Tutorial: How to read the Minchiate Tarot

How to read with the Minchiate Fiorentine 

Unravel the mysteries of this layered beauty in 7 tips

A mini-turorial by Djamila Zon

The Minchiate Fiorentine Tarot is a Tarocchi extraordinaire. Different images and a lot of extra very specific Major Arcana. These extra 19 cards make this Tuscan beauty a challenge. The Minchiate Tarot is a study deck to the nth degree, but worth every minute. It didn’t push aside all other tarot decks in popularity in the 17th and 18th century for nothing. If you are on the brink of losing your heart to this very special Ancient Italian this mini-tutorial on The Queen’s Sword will help you get a head start.

Minchiate Fiorentine Etruria (IM) Tarot | Review

The Minchiate Tarocchi is one of those decks that seems to be acquired later in one’s tarot life. When you can read with more systems or when a decent appetite for traditional decks has been developed. Just like a lot of readers I figured the Minchiate Tarot decks were collector’s items. With all those cards and differences it could not be a reading deck, right? This review, particularly of the Il Meneghello Minchiate Fiorentine Etruria from 1725, aims to describe deck & system, but most

What’s new in traditional tarot 2017-2018

What’s new in the world of Traditional Tarot for the coming months, up until 2018? A few decks mentioned in last year’s article are still being worked on. Michael Bridge-Dickson’s Arcanum X Tarot for example*, the Tarot Maria Celia is supposedly coming end this year through USGS, the New Choice Tarot (see below). The entrees below were the designers and publishers that answered my call when asked: who is going to treat us on some mighty fine traditionally inspired tarot books & decks?   SOLA BUSCA BOOK AND DECK: pre-order The “first faithful reproduction in 500 years” of the enigmatic 1491 Sola-Busca tarocchi will be available from the fine esoteric publishers, Scarlet Imprint, in the Fall of 2017. The pre-order for the deck started in September, shipping commences from mid-October. The Sola-Busca is not only the earliest complete tarocchi deck in existence, created by a master engraver, it is one of the finest in execution, richness of symbolism and esoteric import. Created for a Venetian patrician client, it’s fully illustrated minor suit provided Pamela Coleman-Smith with the template for the minor cards of the Smith-Waite deck. The deck will be accompanied by a 66 page sewn booklet, ‘A Guide to…

Sola Busca Ferrara XV (LS) | Review

In this TdM month, named Traditional Tarot with a Twist, I’ll review several TdM’s & Tarocchi’s, traditional reproductions or reinterpretations that can be recognized as both tarot and Marseille/Ancient Italian-like. However, their deviations and differences, might invite discussion on their pattern of ‘true’ TdM/Tarocchi-ness. Regardless, they are all unique and gorgeous in their own way. 1. Sola-Busca Ferrara by Lo Scarabeo | Anima Antiqua Series 2017 2. Eros: The Garden of Love Tarot: burlesque TdM by Uusi Studios 2017 3. Minchiate Florentine Etruria 1795 by Il Meneghello 1994 (+ Minchiate El Leone) 4. Le Tarot Noir: a medieval inspired TdM by Matthew Hackiere/Editions Vega 2013 *** [Editor’s note: Even though there is already a Sola Busca review- on the Mayer 1998 – on the site, this one also includes its historical significance and all the differences with other older and new tarot decks] The Sola-Busca is ‘hot’ at the moment. For whatever reason this very special 15th century deck is gaining repro-brothers*. This review is about the most recent addition to the Sola Busca stacks: Lo Scarabeo’s latest reproduction of the deck*. Enter Sola Busca Ferrara XV from their Anima Antiqua line. Look & Feel The Unboxing of Lo Scarabeo’s…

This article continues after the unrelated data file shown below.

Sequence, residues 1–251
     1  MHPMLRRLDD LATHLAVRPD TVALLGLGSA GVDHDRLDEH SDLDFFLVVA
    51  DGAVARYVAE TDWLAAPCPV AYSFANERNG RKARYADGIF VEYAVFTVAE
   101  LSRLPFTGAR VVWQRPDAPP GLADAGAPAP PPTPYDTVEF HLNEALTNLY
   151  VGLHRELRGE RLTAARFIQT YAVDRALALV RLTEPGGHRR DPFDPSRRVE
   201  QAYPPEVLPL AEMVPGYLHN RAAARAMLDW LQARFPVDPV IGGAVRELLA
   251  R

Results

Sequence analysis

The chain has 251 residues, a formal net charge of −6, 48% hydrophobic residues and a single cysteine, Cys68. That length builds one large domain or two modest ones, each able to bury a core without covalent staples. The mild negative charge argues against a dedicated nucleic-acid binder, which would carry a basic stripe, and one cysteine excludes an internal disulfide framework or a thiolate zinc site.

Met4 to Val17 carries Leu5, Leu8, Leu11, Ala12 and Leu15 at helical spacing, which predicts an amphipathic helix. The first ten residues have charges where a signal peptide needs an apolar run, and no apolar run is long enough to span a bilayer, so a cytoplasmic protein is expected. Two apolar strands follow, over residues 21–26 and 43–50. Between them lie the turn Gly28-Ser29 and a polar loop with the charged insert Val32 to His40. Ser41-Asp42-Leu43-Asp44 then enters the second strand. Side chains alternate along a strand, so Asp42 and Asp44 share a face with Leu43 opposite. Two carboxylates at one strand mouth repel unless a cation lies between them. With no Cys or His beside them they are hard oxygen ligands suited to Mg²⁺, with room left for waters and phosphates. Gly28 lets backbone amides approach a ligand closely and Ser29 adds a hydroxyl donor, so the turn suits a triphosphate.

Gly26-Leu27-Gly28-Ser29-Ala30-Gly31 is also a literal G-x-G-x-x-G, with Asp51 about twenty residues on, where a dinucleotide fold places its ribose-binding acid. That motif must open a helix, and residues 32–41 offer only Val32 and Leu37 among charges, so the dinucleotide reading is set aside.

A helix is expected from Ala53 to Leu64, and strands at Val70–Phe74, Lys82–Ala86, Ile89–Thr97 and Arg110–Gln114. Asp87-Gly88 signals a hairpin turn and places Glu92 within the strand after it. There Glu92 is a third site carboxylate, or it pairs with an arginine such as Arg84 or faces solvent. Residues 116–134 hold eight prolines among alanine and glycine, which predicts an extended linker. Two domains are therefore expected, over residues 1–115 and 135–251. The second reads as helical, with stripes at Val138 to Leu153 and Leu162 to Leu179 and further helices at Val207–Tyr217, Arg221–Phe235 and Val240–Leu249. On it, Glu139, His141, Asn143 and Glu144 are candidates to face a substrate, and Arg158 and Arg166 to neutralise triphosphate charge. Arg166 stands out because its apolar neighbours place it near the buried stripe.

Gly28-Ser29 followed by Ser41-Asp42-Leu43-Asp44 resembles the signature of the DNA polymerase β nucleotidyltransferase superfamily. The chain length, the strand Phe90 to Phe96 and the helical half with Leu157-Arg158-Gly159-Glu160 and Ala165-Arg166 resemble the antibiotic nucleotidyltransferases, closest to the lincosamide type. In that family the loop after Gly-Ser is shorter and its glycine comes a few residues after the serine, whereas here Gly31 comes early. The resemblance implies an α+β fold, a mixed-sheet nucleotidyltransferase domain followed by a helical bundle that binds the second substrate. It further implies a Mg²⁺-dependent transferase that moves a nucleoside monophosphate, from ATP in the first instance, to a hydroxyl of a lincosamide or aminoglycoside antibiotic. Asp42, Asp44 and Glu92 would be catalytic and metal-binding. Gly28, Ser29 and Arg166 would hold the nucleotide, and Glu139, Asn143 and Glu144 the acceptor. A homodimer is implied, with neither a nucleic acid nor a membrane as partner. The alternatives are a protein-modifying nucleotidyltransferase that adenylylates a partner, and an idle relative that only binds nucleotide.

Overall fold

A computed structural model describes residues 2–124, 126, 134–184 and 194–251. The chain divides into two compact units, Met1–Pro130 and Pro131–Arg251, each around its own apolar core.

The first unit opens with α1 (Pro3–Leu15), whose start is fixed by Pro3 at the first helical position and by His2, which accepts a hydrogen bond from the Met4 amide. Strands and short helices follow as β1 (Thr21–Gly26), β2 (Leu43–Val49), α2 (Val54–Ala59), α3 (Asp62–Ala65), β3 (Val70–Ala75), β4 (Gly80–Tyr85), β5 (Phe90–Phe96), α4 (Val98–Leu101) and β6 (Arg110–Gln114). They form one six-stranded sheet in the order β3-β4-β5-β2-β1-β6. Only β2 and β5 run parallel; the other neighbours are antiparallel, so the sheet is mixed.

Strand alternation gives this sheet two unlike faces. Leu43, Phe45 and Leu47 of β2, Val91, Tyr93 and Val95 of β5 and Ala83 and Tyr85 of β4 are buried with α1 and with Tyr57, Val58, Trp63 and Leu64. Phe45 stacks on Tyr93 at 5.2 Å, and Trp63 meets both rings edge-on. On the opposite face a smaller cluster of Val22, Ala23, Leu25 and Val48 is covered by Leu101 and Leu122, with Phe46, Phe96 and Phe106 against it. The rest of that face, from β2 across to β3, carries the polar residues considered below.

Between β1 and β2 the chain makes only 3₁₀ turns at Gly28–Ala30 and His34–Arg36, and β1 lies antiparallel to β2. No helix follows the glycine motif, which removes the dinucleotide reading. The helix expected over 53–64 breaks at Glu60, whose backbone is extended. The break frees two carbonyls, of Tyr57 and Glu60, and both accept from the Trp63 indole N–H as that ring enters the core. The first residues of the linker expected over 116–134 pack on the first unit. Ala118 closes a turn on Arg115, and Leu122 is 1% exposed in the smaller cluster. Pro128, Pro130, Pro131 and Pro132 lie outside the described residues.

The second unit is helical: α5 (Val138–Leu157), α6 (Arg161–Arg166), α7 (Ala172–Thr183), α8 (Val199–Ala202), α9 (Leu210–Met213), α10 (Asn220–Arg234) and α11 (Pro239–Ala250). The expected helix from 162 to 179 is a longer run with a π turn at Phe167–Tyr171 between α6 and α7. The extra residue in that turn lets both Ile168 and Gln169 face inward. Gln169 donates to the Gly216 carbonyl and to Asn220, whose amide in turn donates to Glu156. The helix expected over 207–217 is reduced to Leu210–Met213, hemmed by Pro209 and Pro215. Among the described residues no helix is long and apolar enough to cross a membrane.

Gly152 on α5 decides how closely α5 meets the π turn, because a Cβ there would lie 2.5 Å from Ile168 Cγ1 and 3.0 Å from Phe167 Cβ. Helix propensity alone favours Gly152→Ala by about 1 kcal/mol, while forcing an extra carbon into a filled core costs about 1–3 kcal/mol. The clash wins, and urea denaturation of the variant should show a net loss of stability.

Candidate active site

Great new historical tarot repro’s in Anima Antiqua | Interview

Traditional Tarot is ‘on the rise’*. Decks made in between the 15th and 19th century are being reproduced more and more by publishers and independent studios. If you have a thing for Ancient Italians and other old decks, you’re in for a real treat. Lo Scarabeo is soon to launch a new line of Tarocchi repro’s, upholding tradition. An interview about Anima Antiqua and ‘how it’s made’… –Andrea Chiarvesio -The Queen’s Sword   What does Anima Antiqua mean and how come you chose this title for the series? Anima Antiqua is latin for Ancient Soul and we feel the title embodies the mission behind this new line perfectly: bringing back decks from the past. Some of them well known, but some others almost unknown to parts of the tarot community. Does Lo Scarabeo (LS) feel responsible for keeping these traditional, Italian decks alive as the only mass market publisher with roots in the same country? We at LS have a great love, passion and respect for tarot. This includes, on the one hand, bringing innovation to tarot so that its very long life is vital and projected in the future, and on the other hand preserving the past wisdom. That…